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Why Do Regimes Commit to Human Rights Treaties? Badasses & Wimps Human Rights Part 2 – The United Nations Human Rights Conventions INTERNATIONAL ORGANIZATIONS.

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Presentation on theme: "Why Do Regimes Commit to Human Rights Treaties? Badasses & Wimps Human Rights Part 2 – The United Nations Human Rights Conventions INTERNATIONAL ORGANIZATIONS."— Presentation transcript:

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2 Why Do Regimes Commit to Human Rights Treaties? Badasses & Wimps Human Rights Part 2 – The United Nations Human Rights Conventions INTERNATIONAL ORGANIZATIONS (Course number GOVT 298, Spring 2010) Instructor: James Raymond Vreeland 1

3 Plan Review last class Badass Wimp Putting them together 2

4 Central question in today’s class: Why sacrifice sovereignty? A central question throughout the course The logic may depend on political regime 3

5 Last time, the CAT… 4

6 The Puzzle: 5

7 Answers: 1.Regional “norms” or “diffusion” 2.Political cover (the Hathaway Story) –Note that in this story, domestic constraints are binding in democracy, not dictatorship, thus the different patterns 3.Domestic institutions –Binding under democracy –Pressure under dictatorship The divided nature of the multiparty dictatorship causes both pressure for signing the CAT and, ironically, for more torture –Unified dictatorships face less pressure They don’t want to sign because they are pro-torture! Ironically, they inspire so much fear, they don’t have to torture as much 6

8 4. The Badass Story… for dictators Ratifying the CAT signals RESOLVE It commits the dictator to prison (somewhere) if he should ever fall from power So, it signals just how sure he is of staying in power The “wimps” don’t sign 7

9 Rosendorff’s broader view: International institutions as credible 3 rd party signals to domestic constituents Trade agreements –Used by democracies to signal low-protectionism World Bank –Collects data as a credible 3 rd party for democracies to be transparent The CAT –Used by dictatorships to signal leader-resolve 8

10 And now… The Wimpy Story Brought to you by: Moravcsik, Andrew The Origins of Human Rights Regimes: Democratic Delegation in Postwar Europe. International Organization 54 (2):217–52. 9

11 New Puzzle: Europe post-WWII Regarding: European Convention for the Protection of Human Rights and Fundamental Freedoms (ECHR) Who supports strict enforcement? 10

12 Why are democracies willing to sacrifice sovereignty? Because they are UNSURE of their survival If they fear the return of autocracy, They want to hand over prosecutorial authority to an international body They give up some power so that their potential successors won’t have it either Does this make dictatorship less valuable? Perhaps this makes democracy more likely to endure? 11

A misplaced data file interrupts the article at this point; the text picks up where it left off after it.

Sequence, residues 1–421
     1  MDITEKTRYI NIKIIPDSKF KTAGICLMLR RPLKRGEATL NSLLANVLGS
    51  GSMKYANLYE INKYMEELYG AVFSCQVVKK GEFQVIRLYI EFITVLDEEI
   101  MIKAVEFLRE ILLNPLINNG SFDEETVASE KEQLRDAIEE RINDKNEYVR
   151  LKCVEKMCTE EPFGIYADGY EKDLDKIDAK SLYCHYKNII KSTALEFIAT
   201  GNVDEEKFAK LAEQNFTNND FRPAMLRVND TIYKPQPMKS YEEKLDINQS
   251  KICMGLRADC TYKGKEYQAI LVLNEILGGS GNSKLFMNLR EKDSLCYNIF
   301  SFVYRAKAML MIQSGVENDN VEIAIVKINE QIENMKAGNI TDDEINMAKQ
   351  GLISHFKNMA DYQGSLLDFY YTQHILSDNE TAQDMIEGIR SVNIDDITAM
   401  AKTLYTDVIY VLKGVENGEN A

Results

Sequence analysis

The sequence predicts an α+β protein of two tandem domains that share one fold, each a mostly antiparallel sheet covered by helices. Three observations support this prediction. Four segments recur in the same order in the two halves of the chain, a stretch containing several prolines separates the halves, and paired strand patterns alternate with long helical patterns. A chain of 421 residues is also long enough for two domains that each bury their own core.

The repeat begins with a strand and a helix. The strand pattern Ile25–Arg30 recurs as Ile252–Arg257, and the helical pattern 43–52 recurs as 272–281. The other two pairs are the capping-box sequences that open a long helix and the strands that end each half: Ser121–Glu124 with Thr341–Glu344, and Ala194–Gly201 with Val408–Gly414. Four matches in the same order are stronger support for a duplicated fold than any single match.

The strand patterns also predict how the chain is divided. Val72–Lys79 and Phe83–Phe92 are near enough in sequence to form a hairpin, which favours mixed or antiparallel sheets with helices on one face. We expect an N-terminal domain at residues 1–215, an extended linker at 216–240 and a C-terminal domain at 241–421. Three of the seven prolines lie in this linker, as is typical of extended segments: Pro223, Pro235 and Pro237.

13 We call this story: “LOCK-IN” 12

14 Lock-in European Convention for the Protection of Human Rights and Fundamental Freedoms (ECHR) established a Commission on Human Rights –could investigate the case, seek to settle it, or forward it under certain circumstances to a court of human rights, whose decisions governments are legally bound to follow Two optional clauses of the ECHR, Articles 25 and 46, were subsequently adopted by all member states –they permit individual and state-to-state petitions and recognize the compulsory jurisdiction of the court –Parties to the ECHR must subject themselves to the Court’s jurisdiction –Established “effective supranational adjudication” in Europe Established-democracies & dictatorships opposed binding human rights enforcement (“sovereignty costs”) But for NEW DEMOCRACIES, the benefits of reducing future political uncertainty outweigh the “sovereignty costs” “self-binding” or “lock-in” is useful to newly established democracies 13

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16 Alternative way to test STATA! Draws on theory/empirics regarding the survival of democracy (Przeworski et al Democracy & Development) Uses “contested elections” & “per capita income” instead of “undemocratic”/“newly established”/“established democracy” 15

17 Moravcsik Predictions: Dictatorships do not want to cede authority –They regularly commit torture! (So they really lose from enforcement regime) Established democracies do not want to cede authority –They gain nothing (and potentially lose – just in case they want to have the ability to torture) Democracies “at risk” want to cede! –They want to establish human rights – enforced from outside, in case democracy collapses! 16

18 Can the Badass & Wimp stories fit together? Were there any “badasses” (high-leader- resolve) dictatorships in Europe? What if there had been? 17

19 Strongly established dictators: Can use HR agreements to CREDIBLY signal resolve (Rosendorff) Vulnerable dictators: Afraid of HR agreements because they commit torture, and might fall from power some day (Rosendorff) Vulnerable democracies: Can use HR agreements to LOCK-IN policy (Moravcsik) Strongly established democracies: Don’t need HR agreements to lock-in, and thus prefer to keep their sovereignty (Moravcsik) Putting the stories together: What do each of the following want? 18 DictatorshipsDemocracies

20 Take-away Domestic political determinants of international relations! 19

21 Exams 20

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26 25 Median Mean

27 Thank you WE ARE GLOBAL GEORGETOWN! 26


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